Sportsmen’s coalition supports holding PolyMet fully accountable for watershed and waterways pollution
2,000 years of contamination for 20 years of copper mining
Published Sept. 22, 2009
DULUTH—An ad hoc coalition of hunting and angling groups formally requests that legislation be passed by state lawmakers holding Canadian mining company PolyMet fully accountable for any and all costs associated with remediation and cleanup of its proposed copper-nickel mining operations near Hoyt Lakes, Minn. If this can’t be accomplished—thereby protecting taxpayers from a cleanup tab that could amount to hundreds of millions of dollars—no copper-nickel mining should be allowed.
The coalition of groups, which includes the Minnesota Division of the Izaak Walton League of America and the Backcountry Hunters and Anglers, consists of sportsmen and women and others who understand the priceless value of clean watersheds and crystal clear lakes, streams, and rivers that supply Minnesotans with clean drinking water and unparalleled outdoor recreation opportunities.
And we have serious concerns about the seemingly reckless rush of some northern Minnesota legislators and others to approve PolyMet’s proposed mining operation on the former LTV Steel Mining Co.’s taconite plant near Hoyt Lakes. Especially considering that these same lawmakers stymied attempts to pass common sense legislation ensuring that taxpayers won’t be saddled with decades of remediation and toxic waste cleanup costs after PolyMet officials pack their bags and head back to Canada.
Today, the Environmental Protection Agency estimates that 40 percent of western headwater streams are polluted by abandoned mines, which poison rivers, creeks, and watersheds with sulfuric acid and heavy metals such as lead, cadmium and arsenic. High-end estimates of the number of abandoned mines range up to half-a-million. The projected cost to clean them up could be as high as $70 billion.
Hardrock mining imperils watersheds and fish habitat because mineral ores are infused with sulfides. When mining puts the ore into contact with water, the result is acid runoff that pollutes lakes, rivers and streams, oftentimes killing all aquatic life. For example, in South Dakota the Dakota Mining Corp. extracted nearly $70 million worth of precious metals from public lands, then went broke in 1998, abandoned the mine, and left behind a 100 million gallon pond of acid and toxic heavy metals. The cleanup cost is estimated at $40 million—more than seven times higher than the cleanup bond the company posted, shifting the costs onto taxpayers.
At Summitville, a mine in Colorado, a bankrupt Canadian company has left the nation’s most costly mine cleanup. It will take 100 years and cost $235 million to clean up the release of cyanide and acid mine drainage that has left 17 miles of the Alamosa River devoid of fish and other aquatic life. The mine was permitted as a ‘zero discharge’ mine. Montana and Wisconsin have since banned similar mines as a result of these and other disasters.
It’s clear to us that PolyMet’s Canadian officials don’t want to be held financially responsible for their mine’s cleanup and reclamation costs because they know that the long-term environmental damage to our watersheds, waterways and other natural resources will likely exceed the value (many times over) of the copper and other minerals they manage to extract from the ground. PolyMet’s draft environmental impact statement (DEIS) says as much, stating that:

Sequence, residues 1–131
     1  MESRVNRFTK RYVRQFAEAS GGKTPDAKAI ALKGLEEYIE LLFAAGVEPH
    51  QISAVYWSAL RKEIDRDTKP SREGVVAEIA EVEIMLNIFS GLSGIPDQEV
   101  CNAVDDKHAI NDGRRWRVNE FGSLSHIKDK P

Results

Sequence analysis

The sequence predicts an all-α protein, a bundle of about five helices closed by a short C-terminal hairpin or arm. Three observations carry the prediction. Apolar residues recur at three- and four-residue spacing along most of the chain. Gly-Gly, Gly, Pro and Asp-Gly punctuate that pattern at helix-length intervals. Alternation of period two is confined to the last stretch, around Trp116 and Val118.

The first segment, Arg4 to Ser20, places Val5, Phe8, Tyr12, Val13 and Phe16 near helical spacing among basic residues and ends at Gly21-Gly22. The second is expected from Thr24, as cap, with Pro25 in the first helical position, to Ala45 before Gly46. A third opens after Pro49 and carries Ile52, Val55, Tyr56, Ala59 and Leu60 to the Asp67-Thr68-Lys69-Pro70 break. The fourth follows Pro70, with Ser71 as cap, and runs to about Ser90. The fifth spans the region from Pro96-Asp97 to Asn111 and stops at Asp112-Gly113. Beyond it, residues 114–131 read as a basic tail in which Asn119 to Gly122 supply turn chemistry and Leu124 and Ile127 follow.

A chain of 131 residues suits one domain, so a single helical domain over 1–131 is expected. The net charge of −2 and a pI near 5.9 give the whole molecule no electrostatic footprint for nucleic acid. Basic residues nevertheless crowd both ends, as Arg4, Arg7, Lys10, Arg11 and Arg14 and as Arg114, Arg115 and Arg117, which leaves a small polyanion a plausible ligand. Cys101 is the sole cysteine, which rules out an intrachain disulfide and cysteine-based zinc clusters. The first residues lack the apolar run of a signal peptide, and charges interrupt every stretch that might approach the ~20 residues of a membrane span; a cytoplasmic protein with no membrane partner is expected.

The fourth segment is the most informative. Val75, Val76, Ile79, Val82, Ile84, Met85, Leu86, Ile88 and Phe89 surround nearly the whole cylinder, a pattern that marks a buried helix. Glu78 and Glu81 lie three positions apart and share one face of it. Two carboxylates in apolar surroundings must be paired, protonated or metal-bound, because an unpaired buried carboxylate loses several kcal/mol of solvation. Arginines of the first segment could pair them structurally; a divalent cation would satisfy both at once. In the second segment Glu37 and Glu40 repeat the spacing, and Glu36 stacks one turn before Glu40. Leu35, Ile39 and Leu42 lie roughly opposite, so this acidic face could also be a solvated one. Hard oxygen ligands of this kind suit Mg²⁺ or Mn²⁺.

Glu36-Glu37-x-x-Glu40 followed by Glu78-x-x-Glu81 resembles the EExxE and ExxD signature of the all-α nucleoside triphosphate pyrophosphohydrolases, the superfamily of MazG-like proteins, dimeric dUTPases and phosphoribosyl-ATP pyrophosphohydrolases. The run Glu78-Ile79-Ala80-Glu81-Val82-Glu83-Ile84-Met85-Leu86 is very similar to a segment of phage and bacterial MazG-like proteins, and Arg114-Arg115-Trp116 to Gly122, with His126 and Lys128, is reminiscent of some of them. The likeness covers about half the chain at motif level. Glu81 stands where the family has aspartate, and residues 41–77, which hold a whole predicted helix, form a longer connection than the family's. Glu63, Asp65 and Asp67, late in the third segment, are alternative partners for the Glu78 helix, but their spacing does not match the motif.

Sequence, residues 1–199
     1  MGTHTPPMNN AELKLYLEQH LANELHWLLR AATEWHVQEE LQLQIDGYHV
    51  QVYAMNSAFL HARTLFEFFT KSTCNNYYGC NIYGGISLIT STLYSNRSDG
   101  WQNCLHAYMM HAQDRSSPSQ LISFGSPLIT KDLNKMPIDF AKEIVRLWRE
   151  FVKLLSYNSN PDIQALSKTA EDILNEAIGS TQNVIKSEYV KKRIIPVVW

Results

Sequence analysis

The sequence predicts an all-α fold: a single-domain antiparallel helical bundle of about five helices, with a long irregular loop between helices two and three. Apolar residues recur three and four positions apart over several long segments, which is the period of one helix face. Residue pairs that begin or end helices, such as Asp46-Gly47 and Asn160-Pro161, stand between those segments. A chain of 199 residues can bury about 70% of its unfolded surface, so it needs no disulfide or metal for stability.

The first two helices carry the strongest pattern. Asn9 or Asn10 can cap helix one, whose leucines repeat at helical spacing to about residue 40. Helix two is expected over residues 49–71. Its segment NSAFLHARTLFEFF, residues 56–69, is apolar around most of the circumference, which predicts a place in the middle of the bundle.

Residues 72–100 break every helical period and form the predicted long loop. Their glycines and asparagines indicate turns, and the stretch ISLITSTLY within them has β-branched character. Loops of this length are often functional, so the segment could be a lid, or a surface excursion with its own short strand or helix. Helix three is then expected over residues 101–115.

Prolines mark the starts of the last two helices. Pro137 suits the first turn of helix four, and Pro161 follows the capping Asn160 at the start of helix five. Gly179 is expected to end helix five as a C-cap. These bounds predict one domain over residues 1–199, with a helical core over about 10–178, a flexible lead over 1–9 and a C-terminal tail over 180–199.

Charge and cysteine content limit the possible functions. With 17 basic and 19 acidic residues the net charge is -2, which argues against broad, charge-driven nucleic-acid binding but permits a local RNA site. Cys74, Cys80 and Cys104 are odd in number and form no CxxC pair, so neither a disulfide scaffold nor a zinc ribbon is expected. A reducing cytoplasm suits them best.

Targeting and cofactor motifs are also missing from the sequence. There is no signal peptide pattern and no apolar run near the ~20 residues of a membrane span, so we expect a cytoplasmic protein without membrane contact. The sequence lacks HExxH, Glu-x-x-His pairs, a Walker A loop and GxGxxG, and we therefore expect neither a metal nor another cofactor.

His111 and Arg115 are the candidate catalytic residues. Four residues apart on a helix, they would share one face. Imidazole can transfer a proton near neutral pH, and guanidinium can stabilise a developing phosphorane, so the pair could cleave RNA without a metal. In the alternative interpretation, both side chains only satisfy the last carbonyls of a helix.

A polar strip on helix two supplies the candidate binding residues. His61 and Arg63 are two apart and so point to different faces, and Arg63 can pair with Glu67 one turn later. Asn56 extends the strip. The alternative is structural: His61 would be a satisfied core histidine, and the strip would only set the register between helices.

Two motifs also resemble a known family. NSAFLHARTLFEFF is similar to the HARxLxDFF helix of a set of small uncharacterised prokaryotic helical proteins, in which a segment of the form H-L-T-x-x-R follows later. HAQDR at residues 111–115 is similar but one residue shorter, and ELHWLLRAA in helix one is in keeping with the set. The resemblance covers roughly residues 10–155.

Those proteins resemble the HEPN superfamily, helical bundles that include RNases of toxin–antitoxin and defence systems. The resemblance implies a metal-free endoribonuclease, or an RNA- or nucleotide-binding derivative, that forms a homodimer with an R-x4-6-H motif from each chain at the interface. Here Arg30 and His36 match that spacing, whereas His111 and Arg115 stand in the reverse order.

- “Water leaching from the waste rock piles is expected to be contaminated for up to 2,000 years.”
- “The West Mine Pit will overflow at Mine Year 65 (45 years after expected mine closure), contaminating the adjacent Partridge River with sulfates and heavy metals.”
- “Groundwater at the mine site is expected to exceed water quality standards.”
- “Due to structural instability, the tailings basin has a “low margin of safety.””
It’s also clear that PolyMet’s proposed mining operation will most likely contaminate waters that flow into the Boundary Waters Canoe Area Wilderness and tributaries of Lake Superior. The very lifeblood of northern Minnesota’s economy is its healthy watersheds and waterways, but PolyMet’s proposed mine waste will be leaching sulfuric acid into those same northern Minnesota waterways “for up to 2,000 years.”
In essence, what this amounts to (i.e., not holding PolyMet accountable for remediation and cleanup costs) is a corporate bailout for a Canadian company. American’s hard-earned tax dollars shouldn’t be used to subsidize foreign companies who are going to leave us with a legacy of 2,000 years of poisoned lakes, streams, and rivers. Adding insult to injury, the raw materials dug up from Minnesota’s public lands are going to be sold on the world market, very likely to countries with emerging economies, like China.
We end by asking a simple question: is 20 years worth of copper mining jobs worth 2,000 years of poisoned waterways and watersheds that will cost the rest of us millions, and possibly billions, to clean up? The risks to taxpayers and northern Minnesota’s waterways cannot be overstated and should not be brushed under the rug by short-sighted legislators. If PolyMet officials won’t agree to abide by tough, common sense legislation that requires them to be held fully accountable for all future remediation and cleanup costs, thereby protecting taxpayers from having to pay to clean up their toxic mess, it’s time to send them back to Canada.
Izaak Walton League
Backcountry Hunters and Anglers
Izaak Walton League